4.  Distinguish between the assumptions and techniques of traditional biblical exegesis and
      the theory and methodology of modern biblical criticism.
5.  Describe historical origins and redaction of biblical literature.
6.  Discern the major literary and religious themes and recount their development.
7.  Identify the major personalities, events and political geography of Ancient Israel.
8.  Demonstrate familiarity with the unfolding story line of the biblical narrative.
9.  Discuss the biblical text as the classical literature of an ancient people with sources in
      and shared cultural features with Mesopotamia, Egypt, Hatti and Canaan-Phoenicia,
     which has helped to shape the development of the western world.
10. Explain the evolution of the religion of Judaism from the matrix of Ancient Israel.

Topics and Scope
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I.  Introduction to Traditional Understandings of the Hebrew Scripture
II.  Modern Methods of Biblical Research
    A. Documentary Theory
    B. Comparative Near Eastern literature
    C. The theory of the original matriarchy, the nature of patriarchy and its literary heritage
    D. Midrash and biblical literary style compared with other narrative styles
    E. Contemporary historiographic and hermeneutic criticism
III. The Covenant -- Tracing its Literary Presence in the Creation Story
    A. The flood and Abraham
    B.  Abraham as ancestor of the Israelite and Ishmaelite traditions
IV. The Akedah
    A.  Its literary history, traditional interpretations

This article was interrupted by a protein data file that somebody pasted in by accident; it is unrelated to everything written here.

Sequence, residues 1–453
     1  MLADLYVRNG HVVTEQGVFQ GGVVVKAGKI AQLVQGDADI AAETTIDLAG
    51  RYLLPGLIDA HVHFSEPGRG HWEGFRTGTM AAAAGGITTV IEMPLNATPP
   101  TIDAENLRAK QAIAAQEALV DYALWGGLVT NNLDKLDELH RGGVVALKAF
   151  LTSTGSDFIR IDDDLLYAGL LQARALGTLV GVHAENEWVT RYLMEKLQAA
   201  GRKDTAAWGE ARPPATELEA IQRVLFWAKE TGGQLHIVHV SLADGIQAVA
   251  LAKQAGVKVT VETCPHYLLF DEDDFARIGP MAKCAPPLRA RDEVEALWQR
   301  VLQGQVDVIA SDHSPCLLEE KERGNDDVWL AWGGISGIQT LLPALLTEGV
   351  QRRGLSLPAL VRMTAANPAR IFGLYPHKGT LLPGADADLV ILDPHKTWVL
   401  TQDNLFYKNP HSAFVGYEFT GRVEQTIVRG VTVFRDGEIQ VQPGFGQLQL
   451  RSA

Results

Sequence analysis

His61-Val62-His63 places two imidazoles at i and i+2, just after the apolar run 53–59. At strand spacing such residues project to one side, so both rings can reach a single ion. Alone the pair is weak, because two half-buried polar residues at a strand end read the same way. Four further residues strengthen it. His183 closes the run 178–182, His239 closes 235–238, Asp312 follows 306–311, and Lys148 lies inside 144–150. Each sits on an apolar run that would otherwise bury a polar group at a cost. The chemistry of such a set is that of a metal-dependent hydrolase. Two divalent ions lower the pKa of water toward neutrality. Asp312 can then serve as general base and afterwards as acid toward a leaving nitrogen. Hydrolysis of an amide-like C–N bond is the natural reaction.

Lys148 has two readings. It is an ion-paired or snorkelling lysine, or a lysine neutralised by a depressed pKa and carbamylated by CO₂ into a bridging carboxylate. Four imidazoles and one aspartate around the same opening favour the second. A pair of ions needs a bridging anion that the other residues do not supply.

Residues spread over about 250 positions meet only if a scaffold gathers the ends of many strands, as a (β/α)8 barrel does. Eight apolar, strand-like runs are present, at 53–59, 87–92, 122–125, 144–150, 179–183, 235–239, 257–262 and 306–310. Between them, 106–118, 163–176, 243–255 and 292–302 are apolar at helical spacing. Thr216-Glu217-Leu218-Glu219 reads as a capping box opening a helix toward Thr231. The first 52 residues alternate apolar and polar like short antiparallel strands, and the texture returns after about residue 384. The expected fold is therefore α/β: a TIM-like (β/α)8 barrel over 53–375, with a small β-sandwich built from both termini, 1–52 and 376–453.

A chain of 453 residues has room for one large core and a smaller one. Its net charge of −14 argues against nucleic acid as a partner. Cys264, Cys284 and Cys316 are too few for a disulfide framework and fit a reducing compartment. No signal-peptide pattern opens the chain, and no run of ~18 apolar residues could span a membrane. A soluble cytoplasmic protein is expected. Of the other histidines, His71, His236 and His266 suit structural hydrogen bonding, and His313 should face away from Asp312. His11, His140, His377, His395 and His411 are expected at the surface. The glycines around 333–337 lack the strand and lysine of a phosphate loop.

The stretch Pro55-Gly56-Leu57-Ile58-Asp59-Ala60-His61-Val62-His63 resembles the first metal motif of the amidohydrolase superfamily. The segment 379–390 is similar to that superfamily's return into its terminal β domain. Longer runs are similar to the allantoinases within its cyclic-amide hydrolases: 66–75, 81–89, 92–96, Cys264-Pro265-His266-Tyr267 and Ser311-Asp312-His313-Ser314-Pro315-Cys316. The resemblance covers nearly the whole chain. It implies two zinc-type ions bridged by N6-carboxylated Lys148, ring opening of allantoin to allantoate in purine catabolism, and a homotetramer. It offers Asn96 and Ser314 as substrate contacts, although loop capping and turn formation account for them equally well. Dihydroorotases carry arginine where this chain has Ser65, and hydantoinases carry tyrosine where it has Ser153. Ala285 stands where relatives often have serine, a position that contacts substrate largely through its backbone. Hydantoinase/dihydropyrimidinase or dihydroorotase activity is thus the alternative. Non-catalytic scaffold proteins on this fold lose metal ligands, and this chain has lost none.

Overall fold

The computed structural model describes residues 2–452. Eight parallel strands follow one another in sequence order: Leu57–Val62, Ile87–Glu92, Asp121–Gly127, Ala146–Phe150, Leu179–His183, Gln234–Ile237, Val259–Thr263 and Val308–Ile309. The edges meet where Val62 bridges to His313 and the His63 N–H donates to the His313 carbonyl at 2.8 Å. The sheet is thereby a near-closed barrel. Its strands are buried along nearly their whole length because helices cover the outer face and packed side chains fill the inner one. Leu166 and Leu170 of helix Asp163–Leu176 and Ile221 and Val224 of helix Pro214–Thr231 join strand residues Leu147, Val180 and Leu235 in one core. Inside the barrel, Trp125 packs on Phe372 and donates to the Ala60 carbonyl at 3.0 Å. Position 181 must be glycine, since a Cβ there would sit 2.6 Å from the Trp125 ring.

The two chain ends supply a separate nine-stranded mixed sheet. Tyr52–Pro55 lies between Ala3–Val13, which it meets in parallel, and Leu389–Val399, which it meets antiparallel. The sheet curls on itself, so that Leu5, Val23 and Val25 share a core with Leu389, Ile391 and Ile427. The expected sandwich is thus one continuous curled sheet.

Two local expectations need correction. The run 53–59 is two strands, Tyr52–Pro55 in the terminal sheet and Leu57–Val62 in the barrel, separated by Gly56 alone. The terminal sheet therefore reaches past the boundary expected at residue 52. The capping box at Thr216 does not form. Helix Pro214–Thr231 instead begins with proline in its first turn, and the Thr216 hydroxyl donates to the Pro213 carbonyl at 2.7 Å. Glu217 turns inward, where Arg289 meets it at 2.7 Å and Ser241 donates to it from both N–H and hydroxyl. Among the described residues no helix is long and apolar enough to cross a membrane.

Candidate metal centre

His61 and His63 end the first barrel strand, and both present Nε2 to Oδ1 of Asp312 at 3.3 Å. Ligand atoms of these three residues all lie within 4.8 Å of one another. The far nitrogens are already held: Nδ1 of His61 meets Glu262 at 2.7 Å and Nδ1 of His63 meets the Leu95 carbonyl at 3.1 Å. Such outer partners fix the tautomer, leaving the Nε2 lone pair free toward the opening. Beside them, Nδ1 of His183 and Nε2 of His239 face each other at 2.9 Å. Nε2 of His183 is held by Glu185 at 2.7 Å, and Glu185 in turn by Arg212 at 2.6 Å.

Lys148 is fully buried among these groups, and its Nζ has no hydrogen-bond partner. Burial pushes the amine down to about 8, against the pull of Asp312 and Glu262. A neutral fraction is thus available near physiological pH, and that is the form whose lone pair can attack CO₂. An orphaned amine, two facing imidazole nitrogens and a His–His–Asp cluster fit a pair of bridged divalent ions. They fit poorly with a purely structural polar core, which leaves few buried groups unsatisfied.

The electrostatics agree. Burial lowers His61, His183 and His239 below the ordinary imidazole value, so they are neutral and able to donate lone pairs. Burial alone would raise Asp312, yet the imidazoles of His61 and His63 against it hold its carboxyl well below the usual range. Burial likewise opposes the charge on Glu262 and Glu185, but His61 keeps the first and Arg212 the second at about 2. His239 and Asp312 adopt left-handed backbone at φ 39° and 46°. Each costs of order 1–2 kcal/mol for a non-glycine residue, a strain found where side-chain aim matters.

B.  Its connections to the sacrificial cult
    C.  Its centrality in the history of the Temple Mount in Jerusalem
V.    Machpelah -- the Burial of Sarah and Narratives Concerning Claim to the Land of Canaan
VI.   The story of Sodom and the Code of Hospitality
VII.  The Jacob Tradition: Tribal History and Legend
VIII. The Rape of Dinah and the Levitical Origins
IX.   Judah and Tamar and the Beginnings of the Judean Davidic Traditions
X.    Joseph and the Northern Israelite Traditions
XI.   The Exodus Story
    A. Testing the historical reality of the story
    B. Testing the durability and thematic credibility of the story
    C. Miracles, historiography and literary style
    D. The nature of prophecy and Yahwist understanding
    E. The evolutionary reality of the Mosaic  traditions
XII. The Book of Joshua: the Tribes of Yahweh and the Period of the Conquest/Rebellion
XIII. The Book of Judges
    A. The period of the Settlement
    B. Israel facing the external threat of Canaanite and Philistine domination -- Deborah as
          prophetess and military leader
    C. Israel facing the internal threat of assimilation and acculturation -- the story of Samson
          and Delilah
XIV. The Monarchy
    A. The tradition from Samuel to Saul with emphasis on the literary characteristics
          of these figures as they interact
    B. The beginnings of prophetic criticism of the monarchy
    C. The advent of David, his rise and reign
    D. The accession of Solomon